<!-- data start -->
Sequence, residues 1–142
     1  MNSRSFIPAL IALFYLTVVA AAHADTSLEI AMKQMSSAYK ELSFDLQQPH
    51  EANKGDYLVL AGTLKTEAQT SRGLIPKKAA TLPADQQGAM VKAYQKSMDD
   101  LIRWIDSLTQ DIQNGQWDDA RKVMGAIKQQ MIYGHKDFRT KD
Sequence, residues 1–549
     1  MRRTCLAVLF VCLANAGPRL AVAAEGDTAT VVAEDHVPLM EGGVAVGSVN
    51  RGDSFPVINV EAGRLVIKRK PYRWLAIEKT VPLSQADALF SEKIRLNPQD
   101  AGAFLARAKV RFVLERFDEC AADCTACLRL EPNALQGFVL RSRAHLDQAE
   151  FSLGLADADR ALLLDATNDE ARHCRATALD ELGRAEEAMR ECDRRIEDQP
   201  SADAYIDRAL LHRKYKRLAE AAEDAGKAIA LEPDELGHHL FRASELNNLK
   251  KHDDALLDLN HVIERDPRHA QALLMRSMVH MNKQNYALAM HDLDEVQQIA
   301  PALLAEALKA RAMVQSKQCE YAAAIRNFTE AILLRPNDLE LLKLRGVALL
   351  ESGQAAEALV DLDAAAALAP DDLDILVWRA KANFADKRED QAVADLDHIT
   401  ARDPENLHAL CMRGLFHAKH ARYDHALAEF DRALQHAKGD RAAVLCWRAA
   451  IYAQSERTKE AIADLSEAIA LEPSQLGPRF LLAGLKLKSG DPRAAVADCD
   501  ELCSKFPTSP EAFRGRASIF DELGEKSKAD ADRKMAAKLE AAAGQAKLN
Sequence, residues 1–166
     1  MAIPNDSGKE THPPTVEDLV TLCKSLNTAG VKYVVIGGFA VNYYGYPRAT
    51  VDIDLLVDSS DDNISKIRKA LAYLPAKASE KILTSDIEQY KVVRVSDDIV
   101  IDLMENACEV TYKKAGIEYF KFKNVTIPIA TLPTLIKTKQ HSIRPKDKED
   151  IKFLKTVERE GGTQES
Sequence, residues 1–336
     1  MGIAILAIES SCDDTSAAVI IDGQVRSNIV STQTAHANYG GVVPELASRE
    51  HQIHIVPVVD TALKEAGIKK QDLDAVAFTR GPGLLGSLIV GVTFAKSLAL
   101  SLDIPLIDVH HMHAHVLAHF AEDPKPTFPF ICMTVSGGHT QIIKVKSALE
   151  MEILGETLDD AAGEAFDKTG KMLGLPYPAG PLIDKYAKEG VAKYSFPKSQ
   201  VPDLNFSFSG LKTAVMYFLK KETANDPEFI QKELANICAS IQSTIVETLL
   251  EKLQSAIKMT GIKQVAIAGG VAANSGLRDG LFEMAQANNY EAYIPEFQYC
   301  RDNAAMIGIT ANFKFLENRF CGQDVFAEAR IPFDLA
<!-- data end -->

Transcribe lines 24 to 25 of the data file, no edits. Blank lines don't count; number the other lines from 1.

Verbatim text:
    51  HQIHIVPVVD TALKEAGIKK QDLDAVAFTR GPGLLGSLIV GVTFAKSLAL
   101  SLDIPLIDVH HMHAHVLAHF AEDPKPTFPF ICMTVSGGHT QIIKVKSALE